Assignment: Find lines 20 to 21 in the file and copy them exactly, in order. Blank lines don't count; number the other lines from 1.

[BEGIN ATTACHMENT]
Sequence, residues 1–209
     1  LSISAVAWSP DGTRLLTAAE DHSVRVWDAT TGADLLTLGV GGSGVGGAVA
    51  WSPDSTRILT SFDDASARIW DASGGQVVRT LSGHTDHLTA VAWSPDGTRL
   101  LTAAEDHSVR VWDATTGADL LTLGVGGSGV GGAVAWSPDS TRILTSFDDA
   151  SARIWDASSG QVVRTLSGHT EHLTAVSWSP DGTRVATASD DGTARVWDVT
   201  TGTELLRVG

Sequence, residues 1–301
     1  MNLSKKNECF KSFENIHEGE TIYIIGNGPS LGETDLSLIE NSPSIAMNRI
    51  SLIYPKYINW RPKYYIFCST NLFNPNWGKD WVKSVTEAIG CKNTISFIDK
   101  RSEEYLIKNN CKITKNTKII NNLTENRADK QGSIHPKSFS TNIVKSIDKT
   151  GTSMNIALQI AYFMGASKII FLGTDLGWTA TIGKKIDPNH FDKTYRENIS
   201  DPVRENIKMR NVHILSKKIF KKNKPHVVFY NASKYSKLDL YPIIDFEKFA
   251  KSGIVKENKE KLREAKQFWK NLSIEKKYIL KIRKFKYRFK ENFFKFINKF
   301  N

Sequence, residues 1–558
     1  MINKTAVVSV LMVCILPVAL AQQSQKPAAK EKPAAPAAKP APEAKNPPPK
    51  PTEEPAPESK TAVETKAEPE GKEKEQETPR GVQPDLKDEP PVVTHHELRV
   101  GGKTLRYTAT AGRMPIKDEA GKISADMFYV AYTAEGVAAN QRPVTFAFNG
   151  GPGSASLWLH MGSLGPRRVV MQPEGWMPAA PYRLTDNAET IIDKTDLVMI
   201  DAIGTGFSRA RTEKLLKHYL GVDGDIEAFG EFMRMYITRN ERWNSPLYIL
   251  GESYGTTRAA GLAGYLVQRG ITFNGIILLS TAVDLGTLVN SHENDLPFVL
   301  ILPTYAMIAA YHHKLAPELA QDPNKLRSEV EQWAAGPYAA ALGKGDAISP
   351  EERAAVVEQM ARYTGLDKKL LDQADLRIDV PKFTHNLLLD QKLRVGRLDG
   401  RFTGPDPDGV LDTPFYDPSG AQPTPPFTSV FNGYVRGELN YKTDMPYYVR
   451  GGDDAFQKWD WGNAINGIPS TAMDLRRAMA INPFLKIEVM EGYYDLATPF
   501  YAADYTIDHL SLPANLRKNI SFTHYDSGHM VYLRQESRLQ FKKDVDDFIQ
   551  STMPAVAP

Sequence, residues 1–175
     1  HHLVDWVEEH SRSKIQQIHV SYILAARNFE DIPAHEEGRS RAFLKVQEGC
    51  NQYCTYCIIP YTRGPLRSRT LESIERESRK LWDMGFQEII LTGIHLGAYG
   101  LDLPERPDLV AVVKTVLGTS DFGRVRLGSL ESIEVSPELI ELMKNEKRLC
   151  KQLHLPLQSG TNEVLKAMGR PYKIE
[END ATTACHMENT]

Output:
   201  DAIGTGFSRA RTEKLLKHYL GVDGDIEAFG EFMRMYITRN ERWNSPLYIL
   251  GESYGTTRAA GLAGYLVQRG ITFNGIILLS TAVDLGTLVN SHENDLPFVL